The picture of What am I is of felted soap balls.  Soap that have their very own wash rags attached.  They are so soft and wonderful feeling — great to have in a guest bathroom.  They were fun to make and my hands were squeeky clean.


 AND using the Random.Org generator post number 4 – Suzan — is the winner for the Pinkie Injury post.  Suzan also correctly guessed the inside of the felted bars were soap!

True Random Number Generator





Your soap will be on its way soon.

How important is a pinkie finger?  I mean after all — it only a pinkie finger: smaller than the rest, not as strong, kind of lazy I guess.  Well, let me tell you that a pinkie is very important and how would I know you ask?  Well, I have a pinkie injury and found out first hand that a pinkie finger actually is an underappreciated digit.  I’ve learned that she may be small, but she is mighty or should I say was mighty.

Here’s she is without her splint.  She actually is looking so much better today.  She’s trying to heal herself up quickly because she knows how much I love her and appreciate her now. 


Have you ever done something stupid or just plain silly and injured yourself?  Post your injury and how it happened, and you may be the lucky winner of a homemade bar of soap (I get to pick for you)!  Winner will be posted on Sunday, August 1.

And, my injury happened in the kitchen.  No, I wasn’t making soap.  No, I wasn’t even cooking a grand dinner.  What was I doing you ask?  Well, I was simply opening a cabinet when my pinkie snuck behind the door knob on the cabinet and when I went to close the cabinet, turn around and get ice, my body went one way, but my pinkie stayed with the cabinet!  Ouch….

Thought you might enjoy pictures of my latest soaps.  These big bars are $5 if purchased individually or $4.50 if purchased in lots of 3 so why not pick 3 and save 50 cents a bar!  Are you out of state?  No problem, I can ship several bars in a priority flat rate box for only $4.95.  Are you out of the country?  E-mail me and I will let you know the shipping costs.

Country Kitchen – This is a great kitchen bar to help rid onion/garlic odors from hands.  Good body bar too if you can talk your spouse into washing you back with it!  (Enjoy the aroma of rich creamy vanilla with a touch of fresh ground cinnamon sticks.  Real Oatmeal added. 


Shea Butter Supreme:   (available scented and natural)  I love this bar for my face and hair.  Yep, I rarely use the store bought detergents available for any part of me.


And, my newest bar of Lavender/Mint!  Oh, the scents of lavender and mint in this bar is intoxicating.  The top of the bar is lavender and the bottom is mint.



In researching soap for a long time and worrying about using the dreaded ‘lye’ I found a funny saying that says:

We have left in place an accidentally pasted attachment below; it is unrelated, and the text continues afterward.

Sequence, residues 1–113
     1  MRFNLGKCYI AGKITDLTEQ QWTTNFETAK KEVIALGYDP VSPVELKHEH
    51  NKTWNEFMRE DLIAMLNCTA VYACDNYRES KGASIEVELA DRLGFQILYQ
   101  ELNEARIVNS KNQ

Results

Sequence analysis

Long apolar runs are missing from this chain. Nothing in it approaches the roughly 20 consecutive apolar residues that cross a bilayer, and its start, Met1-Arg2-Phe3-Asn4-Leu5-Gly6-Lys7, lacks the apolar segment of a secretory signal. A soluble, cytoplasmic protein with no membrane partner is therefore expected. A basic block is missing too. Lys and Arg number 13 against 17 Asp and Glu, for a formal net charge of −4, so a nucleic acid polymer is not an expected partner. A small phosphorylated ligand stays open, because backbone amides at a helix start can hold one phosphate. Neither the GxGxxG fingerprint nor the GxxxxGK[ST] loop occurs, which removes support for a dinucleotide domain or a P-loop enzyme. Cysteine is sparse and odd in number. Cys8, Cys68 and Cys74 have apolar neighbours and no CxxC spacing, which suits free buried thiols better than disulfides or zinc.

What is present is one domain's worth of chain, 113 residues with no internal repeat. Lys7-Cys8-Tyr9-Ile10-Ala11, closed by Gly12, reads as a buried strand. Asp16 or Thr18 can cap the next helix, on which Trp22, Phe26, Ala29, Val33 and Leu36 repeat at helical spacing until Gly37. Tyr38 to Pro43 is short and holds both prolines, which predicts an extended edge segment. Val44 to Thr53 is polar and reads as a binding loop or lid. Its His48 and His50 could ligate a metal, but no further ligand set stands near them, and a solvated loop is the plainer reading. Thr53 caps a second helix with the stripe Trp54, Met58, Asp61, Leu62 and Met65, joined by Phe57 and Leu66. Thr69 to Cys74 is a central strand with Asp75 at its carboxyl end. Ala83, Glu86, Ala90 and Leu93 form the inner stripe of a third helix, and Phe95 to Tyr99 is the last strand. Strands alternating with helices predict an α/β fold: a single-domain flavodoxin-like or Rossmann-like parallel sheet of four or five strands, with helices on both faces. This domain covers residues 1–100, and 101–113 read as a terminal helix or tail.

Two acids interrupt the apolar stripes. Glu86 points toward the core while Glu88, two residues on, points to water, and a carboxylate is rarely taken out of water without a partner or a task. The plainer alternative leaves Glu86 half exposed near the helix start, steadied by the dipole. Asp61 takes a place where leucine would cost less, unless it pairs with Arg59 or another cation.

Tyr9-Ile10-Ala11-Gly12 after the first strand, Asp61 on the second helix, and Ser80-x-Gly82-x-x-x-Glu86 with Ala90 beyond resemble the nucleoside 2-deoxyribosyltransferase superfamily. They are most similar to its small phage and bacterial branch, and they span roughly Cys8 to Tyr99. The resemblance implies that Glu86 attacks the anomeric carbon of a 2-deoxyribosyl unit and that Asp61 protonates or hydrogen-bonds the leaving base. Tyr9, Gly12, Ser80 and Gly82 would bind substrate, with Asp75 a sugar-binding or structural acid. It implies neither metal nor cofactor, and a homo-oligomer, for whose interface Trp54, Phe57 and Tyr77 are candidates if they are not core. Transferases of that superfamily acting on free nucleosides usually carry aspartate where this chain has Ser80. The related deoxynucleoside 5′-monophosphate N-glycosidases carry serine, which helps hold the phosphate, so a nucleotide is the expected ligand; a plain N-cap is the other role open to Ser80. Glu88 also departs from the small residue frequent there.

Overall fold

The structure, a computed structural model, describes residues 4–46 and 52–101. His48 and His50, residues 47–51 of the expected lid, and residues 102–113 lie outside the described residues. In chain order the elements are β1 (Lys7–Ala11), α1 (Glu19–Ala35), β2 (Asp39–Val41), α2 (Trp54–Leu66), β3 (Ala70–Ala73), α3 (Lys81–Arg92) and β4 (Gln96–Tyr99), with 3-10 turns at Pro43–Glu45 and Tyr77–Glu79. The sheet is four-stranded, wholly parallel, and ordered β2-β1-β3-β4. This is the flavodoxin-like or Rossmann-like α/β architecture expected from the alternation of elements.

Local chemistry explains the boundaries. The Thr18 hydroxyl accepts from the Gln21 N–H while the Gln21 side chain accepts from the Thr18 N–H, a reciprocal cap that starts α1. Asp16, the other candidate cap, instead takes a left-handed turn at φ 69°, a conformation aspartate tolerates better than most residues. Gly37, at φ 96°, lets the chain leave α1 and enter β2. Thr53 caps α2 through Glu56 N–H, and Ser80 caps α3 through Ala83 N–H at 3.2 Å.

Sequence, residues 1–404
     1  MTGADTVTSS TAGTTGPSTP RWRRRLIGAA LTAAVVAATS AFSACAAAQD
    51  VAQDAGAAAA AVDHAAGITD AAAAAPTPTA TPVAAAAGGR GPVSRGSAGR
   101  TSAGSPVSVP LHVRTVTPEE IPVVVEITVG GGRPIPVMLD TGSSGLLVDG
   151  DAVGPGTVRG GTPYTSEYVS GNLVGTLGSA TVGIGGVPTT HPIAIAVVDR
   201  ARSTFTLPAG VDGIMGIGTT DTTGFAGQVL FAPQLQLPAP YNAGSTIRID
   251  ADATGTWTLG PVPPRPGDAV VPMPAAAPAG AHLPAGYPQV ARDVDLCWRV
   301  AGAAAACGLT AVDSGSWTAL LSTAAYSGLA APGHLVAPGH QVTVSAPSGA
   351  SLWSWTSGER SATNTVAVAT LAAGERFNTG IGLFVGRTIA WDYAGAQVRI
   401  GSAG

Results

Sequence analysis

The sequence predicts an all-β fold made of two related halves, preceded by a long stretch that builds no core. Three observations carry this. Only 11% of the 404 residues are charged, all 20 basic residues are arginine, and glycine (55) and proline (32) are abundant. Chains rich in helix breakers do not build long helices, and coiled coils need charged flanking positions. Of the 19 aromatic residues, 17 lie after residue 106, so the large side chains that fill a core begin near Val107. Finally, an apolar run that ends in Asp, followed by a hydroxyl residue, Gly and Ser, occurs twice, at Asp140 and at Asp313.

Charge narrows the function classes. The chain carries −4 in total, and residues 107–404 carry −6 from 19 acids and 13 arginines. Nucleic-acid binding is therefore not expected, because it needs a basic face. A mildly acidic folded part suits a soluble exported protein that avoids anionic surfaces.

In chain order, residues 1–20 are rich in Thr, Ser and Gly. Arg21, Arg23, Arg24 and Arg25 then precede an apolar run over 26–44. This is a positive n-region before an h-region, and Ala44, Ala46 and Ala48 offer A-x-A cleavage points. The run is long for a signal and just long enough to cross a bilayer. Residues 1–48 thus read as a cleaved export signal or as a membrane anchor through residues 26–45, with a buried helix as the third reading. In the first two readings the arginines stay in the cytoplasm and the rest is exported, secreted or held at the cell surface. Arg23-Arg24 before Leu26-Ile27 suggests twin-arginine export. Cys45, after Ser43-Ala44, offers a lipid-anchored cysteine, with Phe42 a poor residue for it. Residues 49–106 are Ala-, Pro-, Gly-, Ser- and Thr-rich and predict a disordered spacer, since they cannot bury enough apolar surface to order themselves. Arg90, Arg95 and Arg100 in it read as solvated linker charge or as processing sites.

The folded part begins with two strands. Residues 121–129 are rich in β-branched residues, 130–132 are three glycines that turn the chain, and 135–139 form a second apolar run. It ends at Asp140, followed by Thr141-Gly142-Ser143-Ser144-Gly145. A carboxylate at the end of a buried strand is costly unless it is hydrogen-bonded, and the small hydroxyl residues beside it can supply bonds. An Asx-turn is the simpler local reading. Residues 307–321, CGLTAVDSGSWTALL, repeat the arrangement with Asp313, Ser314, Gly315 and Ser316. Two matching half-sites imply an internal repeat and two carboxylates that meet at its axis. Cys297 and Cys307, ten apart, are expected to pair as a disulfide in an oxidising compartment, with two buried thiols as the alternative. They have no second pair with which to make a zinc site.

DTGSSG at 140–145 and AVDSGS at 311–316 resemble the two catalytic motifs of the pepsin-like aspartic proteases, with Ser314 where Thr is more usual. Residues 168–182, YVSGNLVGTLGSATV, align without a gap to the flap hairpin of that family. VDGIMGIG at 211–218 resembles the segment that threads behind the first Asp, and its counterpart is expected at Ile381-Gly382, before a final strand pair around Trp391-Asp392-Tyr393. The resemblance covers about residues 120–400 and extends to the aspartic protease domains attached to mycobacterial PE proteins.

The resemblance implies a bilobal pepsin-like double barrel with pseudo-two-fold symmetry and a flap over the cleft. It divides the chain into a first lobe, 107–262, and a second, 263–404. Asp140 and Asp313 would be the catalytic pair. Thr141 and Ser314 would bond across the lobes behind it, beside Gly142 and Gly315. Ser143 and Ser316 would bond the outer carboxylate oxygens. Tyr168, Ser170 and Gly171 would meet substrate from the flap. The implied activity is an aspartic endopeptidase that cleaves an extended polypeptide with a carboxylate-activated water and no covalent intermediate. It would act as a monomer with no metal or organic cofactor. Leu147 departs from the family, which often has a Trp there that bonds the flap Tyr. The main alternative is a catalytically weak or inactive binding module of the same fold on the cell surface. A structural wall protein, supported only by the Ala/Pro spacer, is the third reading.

“No Lye, No Soap, No Lie”

And, it is true.  You cannot have soap without lye.  Apparently, even the melt and pour soaps have lye — it’s just that the lye part has already been done for you so you don’t have to worry with it.

Actually, if you follow proper safety precautions, making soap with lye is no more dangerous than frying chicken or cutting a bagel in two (long known as one of the top emergency room visits!).  I found it therapeutic in deciding what qualities I wanted in my soap.  Besides, it was also a fun and enjoyable process.  I have only made soap using the cold process (which doesn’t mean that it is made without heat — just without any additional heat like from a crockpot or oven).  There is a waiting time before the soap has hardened enough before actually using it with the cold process.  Although, from what I’ve learned so far, two weeks is the least amount to wait and four weeks is what most recommend.  I’ve decided to wait two weeks before testing out the first bar.  I’m going to also try out the crockpot (hot process) method too.  Apparently, you can use the soap as soon as it has hardened in the mold.  However, I have read that waiting a few weeks even makes hot process soaps better. 

I love the creaminess of the soap.  I hope you can see that the soap is nearly white and delicate looking.  I used coconut oil, olive oil, and shea butter and just a smidgen of a scent called neroli oil (from an orange blossom grown in Tunisia).  The smell is incredibly light and calming. It is also believed that neroli oil helps those with hormonal changes during menopause and PMS.  Now that’s a scent that I think all women should know about!

Prep work: (Note:  eye safety (wear goggles), long gloves, and I decided to also wear a mask to help avoid the fumes when the lye is mixed into the water).


This is where I measured out all of the oils and butters.  Newspaper protected my surfaces and made cleanup easy.


Mixing the oils and water/lye mixture:  (Note:  gloves and long sleeves worn — SAFETY first!)


Unveiling the mold after 36 hours.  I used a quart sized half ‘n half milk cartoon.  The smell is wonderful. (NOTE:  I put my gloves back on to unmold and to test the ph level.  Safety again.)


Time to test the PH level, which was great!  (should be anywhere from 7 to 10)  Mine is between 8 and 9 and will continue to improve during the drying period.


Time to remove gloves and cut into bars.  The bars feel incredible in my hands even at this stage.


Here they are drying on a rack so that bottom and tops dry evenly. 


Now the hardest part — waiting to lather up!

Don’t forget to get in some creative time today!